Rainy Day Ravens
There is none of the rowdy tailgating that often precedes games at M&T Bank Stadium today, as the Ravens get ready to take on the Carolina Panthers in their first exhibition game of the season.
Hours before kickoff, the heavens open up, shooing hopeful revelers from the parking lots. Many, lured by a sign promising two-for-one beers, take refuge inside Federal Hill's No Idea Tavern, where pre-game coverage blares from multiple flat-screens.
A half-hour before game time, the sun briefly peeks out, and determined fans make their way across the Ostend Street Bridge to the stadium. The rain has chased many of the zealous merchandise vendors from outside of the stadium, but inside is a madhouse.
After enduring another woeful Orioles season, Baltimore sports fans are ecstatic to root for a team that analysts rank among the best in the country.
"We will protect this house!" chant a rowdy crew of purple-and-black clad twentysomethings waiting in line for $7 beers. A peewee football team in full gear snakes by, clapping and chanting with similar—if less slurred—enthusiasm.
Finally, the players emerge from the tunnel. New Raven Donté Stallworth gets an optimistic round of applause, while Ray Lewis reaps loyal roars. Fireworks explode into the air as 70,000 fans watch the kickoff.
The first half is electric, full of highs, as when Joe Flacco first connects with highly anticipated receiver Anquan Boldin. But by mid-game, the rain kicks up again, and the ponchos and parkas come out, tamping down on the thrill of what will end up a 17-12 win. While many of the faithful stay to endure the soaking, others head for the exits, just happy to have a winner back in town.
Wedded Bliss, Revisited
A festive mood permeates the sanctuary of Druid Hill's glorious Union Baptist Church as Sadie and Llewellyn Woolford celebrate their 50th anniversary by reenacting the happy day in the same spot where they exchanged vows in 1960.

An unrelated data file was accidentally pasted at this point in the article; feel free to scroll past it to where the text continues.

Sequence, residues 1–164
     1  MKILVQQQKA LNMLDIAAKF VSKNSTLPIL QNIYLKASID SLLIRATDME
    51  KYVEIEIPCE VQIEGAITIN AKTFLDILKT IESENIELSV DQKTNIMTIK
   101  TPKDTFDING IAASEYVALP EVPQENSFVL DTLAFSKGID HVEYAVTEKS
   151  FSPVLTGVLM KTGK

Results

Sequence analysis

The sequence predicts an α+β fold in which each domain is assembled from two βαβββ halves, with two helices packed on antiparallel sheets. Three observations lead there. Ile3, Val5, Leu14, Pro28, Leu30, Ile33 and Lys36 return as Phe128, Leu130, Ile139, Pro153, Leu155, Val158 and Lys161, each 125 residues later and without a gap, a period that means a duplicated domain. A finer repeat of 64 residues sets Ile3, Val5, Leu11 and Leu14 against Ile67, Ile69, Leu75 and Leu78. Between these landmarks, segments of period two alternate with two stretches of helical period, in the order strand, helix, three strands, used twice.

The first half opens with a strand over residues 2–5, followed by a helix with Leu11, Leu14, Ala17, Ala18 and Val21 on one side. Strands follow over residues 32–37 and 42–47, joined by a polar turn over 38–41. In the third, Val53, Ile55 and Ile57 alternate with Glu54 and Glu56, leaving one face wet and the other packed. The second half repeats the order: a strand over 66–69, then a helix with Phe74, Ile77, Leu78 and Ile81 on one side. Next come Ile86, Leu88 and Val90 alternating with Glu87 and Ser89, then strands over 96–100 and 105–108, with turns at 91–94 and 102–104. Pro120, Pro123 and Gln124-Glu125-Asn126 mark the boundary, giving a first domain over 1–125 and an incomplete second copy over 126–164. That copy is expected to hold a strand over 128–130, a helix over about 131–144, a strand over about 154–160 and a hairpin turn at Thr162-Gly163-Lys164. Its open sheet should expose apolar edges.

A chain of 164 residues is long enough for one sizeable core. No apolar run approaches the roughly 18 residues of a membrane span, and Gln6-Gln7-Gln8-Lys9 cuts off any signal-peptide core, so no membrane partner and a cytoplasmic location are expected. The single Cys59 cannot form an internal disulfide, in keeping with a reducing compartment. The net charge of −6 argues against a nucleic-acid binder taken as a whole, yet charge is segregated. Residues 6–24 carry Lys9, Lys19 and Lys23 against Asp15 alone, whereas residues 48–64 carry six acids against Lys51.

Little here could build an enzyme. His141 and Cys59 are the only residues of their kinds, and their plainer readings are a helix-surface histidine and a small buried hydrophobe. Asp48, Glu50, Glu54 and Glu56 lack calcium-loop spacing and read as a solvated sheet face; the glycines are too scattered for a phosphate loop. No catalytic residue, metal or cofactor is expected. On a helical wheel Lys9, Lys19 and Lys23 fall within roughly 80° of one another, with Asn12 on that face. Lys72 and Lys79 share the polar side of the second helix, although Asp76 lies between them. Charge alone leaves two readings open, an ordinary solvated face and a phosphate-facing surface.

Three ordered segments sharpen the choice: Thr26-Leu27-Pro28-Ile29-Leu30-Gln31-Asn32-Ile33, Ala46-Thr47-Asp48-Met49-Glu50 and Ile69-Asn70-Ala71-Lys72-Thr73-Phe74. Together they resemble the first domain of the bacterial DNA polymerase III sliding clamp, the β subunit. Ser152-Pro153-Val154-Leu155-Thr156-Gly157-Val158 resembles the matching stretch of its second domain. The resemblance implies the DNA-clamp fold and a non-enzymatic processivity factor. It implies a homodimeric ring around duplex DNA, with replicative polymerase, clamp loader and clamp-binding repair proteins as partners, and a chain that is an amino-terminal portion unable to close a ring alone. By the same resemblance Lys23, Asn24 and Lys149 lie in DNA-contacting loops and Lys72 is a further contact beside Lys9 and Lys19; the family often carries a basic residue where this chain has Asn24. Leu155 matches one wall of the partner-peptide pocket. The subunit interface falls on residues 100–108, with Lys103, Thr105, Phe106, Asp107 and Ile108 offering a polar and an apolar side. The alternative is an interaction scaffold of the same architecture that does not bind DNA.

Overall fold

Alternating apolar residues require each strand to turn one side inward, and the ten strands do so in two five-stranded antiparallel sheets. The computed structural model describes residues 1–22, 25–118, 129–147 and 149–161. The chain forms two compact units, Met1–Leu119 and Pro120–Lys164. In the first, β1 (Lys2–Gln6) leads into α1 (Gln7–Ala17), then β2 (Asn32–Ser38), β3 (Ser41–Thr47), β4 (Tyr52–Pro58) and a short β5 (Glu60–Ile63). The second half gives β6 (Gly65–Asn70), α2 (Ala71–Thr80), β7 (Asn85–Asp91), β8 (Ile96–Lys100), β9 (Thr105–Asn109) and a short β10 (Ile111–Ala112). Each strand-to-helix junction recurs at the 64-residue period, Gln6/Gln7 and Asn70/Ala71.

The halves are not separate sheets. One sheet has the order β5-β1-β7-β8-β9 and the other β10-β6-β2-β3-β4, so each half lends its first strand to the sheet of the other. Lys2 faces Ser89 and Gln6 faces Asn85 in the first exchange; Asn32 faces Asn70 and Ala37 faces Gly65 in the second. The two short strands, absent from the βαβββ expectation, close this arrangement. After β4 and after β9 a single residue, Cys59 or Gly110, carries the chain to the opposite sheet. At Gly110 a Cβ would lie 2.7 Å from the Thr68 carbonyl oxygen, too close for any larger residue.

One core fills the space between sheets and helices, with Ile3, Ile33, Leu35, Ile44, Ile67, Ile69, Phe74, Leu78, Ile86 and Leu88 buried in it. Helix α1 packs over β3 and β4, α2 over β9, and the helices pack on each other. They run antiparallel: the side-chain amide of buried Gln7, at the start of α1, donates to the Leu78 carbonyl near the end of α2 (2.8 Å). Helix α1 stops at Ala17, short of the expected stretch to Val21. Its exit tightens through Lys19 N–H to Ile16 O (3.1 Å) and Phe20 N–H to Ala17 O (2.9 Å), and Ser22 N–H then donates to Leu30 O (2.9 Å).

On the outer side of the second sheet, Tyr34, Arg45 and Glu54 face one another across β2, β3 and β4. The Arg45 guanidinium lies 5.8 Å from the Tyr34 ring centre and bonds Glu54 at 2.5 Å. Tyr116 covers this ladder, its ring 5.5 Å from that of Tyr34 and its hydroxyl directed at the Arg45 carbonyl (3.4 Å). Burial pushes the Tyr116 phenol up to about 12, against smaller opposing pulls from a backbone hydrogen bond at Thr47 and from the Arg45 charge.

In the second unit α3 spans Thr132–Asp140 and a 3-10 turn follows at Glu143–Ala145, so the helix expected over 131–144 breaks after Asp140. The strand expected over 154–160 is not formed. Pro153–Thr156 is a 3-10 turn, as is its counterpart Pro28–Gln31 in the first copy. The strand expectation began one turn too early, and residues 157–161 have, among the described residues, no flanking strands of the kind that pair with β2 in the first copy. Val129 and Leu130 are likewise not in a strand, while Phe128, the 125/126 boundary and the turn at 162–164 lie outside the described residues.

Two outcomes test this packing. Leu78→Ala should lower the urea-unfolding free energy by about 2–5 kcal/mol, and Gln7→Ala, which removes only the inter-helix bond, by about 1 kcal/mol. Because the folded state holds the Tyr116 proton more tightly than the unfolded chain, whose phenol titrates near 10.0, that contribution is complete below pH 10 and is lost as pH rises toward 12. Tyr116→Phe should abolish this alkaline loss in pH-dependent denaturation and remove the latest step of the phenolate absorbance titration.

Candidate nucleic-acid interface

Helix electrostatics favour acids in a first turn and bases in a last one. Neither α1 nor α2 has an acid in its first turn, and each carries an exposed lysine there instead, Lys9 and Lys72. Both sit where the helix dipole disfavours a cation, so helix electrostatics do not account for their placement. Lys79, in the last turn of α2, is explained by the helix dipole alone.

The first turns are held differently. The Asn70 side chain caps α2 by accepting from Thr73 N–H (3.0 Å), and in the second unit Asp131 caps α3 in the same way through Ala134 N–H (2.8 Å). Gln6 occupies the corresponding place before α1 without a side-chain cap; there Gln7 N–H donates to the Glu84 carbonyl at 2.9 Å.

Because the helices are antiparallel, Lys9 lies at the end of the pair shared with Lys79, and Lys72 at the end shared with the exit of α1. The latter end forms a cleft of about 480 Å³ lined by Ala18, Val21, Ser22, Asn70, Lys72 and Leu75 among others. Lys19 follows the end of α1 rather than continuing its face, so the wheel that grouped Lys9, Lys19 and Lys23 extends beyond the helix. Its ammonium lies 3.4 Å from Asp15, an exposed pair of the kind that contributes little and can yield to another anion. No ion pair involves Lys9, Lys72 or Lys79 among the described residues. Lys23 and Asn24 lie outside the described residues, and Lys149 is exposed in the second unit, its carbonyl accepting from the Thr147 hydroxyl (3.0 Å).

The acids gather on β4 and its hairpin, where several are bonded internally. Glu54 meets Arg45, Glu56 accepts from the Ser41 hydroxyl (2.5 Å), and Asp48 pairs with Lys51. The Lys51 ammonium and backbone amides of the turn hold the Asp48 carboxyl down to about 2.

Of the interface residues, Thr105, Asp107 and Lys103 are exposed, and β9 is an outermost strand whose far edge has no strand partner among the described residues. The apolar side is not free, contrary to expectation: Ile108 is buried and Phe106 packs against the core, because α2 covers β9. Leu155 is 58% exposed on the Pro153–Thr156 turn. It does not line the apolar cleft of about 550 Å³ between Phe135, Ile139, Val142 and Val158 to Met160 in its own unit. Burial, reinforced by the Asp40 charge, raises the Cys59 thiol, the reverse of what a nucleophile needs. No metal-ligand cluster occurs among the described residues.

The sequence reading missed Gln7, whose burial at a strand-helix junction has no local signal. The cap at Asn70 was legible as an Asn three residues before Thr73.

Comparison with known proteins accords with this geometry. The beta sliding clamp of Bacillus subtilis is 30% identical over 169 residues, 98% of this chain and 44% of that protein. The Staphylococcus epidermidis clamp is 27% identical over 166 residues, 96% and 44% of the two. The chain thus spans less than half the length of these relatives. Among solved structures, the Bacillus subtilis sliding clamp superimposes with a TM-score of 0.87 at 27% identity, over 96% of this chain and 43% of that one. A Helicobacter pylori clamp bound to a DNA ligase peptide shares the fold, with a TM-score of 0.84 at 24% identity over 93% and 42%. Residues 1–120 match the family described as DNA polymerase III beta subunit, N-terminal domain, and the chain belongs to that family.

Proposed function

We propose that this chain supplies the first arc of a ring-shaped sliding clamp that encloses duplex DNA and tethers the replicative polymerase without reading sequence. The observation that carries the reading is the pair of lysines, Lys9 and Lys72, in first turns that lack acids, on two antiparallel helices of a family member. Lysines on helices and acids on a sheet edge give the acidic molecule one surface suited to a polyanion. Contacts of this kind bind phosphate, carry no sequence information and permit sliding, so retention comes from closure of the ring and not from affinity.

The noonday sun lights up the impressive array of LeFarge stained glass at the church, which is on the National Register of Historic Places. As the proceedings begin, it quickly becomes clear that, unlike his wife, Llewellyn Woolford is a man of few words.
An ebullient Sadie tells the gathering of about 100 family and friends that when she first met Lew—at the law office where he clerked after graduating from Howard Law School—he was "asleep at his desk. And I've been waking him up ever since."
Lew smiles, and Sadie notes that they came to Union Baptist on their first date in 1955. "I asked him where he went to church," she recalled. "He said, 'I'll show you.' To this day, we've had an ongoing debate about whether I was looking for a church or looking for a date."
Again, Lew smiles, and Sadie recounts a courtship that culminated with the couple's wedding at Union Baptist five years later.
Various friends joyfully
extoll the virtues of their remarkable relationship. "There's a love that comes with knowing them" says one. Then, Ethel Ennis, the local jazz luminary and a longtime friend of the couple, sings "True Love," as she did during the service 50 years ago. Ennis receives a standing ovation, and a few "Amen"s are heard as the applause subsides.
Finally, the couple reaffirm their vows, and Lew speaks his only words—"I do"—the only ones that matter.